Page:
Netbooks have apparently caused Microsoft some concern, for a couple of reasons. Number one of course, they are introducing a lot of people to Linux, since up to 30% of netbooks currently shipping are shipping with some form of Linux. The second reason, they have put Microsoft in a position where they have to continue supporting Windows XP (XP Home to be precise) on large numbers of new machines past the date when they wanted to discourage or discontinue such support. Another, they eat into sales of other versions of Windows that would normally be selling on full-sized laptops:
Small laptops are becoming a big problem for Microsoft Corp.’s Windows business.
The devices, which usually cost less than $500, are the fastest-growing segment of the personal-computer industry â€” a trend that’s eating into Microsoft’s revenue. Windows sales fell short of forecasts last quarter and the company cut growth projections for the year, citing the lower revenue it gets from netbooks. When makers of the computers do use Windows, they often opt for older and cheaper versions of the software.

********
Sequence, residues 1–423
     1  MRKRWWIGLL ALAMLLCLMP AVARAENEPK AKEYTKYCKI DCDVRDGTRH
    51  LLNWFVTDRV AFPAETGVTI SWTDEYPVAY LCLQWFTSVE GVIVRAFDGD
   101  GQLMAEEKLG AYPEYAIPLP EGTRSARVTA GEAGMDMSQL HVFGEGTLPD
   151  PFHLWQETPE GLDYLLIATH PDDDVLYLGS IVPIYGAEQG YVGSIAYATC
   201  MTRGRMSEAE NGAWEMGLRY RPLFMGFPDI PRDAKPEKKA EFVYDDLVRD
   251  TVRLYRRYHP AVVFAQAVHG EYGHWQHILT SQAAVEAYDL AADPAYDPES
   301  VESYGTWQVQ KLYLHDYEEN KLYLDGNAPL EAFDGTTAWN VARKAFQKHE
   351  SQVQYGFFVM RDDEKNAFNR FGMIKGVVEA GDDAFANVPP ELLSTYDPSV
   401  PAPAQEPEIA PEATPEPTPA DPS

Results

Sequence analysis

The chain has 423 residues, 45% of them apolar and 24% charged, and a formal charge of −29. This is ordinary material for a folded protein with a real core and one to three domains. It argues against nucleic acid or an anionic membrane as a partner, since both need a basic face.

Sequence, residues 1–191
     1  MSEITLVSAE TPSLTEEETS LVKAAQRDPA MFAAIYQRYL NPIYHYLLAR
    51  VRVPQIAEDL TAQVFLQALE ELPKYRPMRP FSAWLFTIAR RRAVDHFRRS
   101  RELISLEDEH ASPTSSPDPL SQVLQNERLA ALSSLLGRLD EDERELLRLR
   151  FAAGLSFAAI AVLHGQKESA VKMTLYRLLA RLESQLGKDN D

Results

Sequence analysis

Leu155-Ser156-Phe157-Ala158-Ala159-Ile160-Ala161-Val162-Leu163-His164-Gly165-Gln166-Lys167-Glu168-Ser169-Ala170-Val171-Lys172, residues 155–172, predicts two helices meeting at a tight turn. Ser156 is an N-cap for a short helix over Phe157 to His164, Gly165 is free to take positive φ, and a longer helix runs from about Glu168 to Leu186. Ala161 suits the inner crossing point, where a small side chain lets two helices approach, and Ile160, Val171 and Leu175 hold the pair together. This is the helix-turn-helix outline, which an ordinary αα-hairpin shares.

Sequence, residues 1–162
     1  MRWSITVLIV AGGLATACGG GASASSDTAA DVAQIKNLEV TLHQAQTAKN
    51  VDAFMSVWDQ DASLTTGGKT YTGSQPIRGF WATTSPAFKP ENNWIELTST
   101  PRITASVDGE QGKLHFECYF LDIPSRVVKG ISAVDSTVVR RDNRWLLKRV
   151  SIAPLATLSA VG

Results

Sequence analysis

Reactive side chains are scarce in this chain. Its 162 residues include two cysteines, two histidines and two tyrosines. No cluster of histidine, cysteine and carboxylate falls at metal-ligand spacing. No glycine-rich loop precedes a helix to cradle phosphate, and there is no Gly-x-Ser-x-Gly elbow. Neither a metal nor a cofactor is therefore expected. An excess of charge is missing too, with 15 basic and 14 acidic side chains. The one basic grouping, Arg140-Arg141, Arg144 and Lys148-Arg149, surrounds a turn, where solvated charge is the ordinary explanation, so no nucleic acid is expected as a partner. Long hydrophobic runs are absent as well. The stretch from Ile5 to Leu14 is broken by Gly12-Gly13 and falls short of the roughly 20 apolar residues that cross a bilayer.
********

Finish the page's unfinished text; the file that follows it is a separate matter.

They managed to catch Microsoft off guard, with a Microsoft spokeswoman mentioning they didn’t even have a true netbook policy a year ago, and with Citigroup Inc and others estimating that netbooks will account for over 30% of PC Growth for 2008 alone, with a 60% growth rate by 2010 (close to 30 million units).
Windows 7 is discussed, with Microsoft Senior Vice President Jon DeVaan saying “People will be pleasantly surprised and excited…….We’ll do well on those kinds of machines.”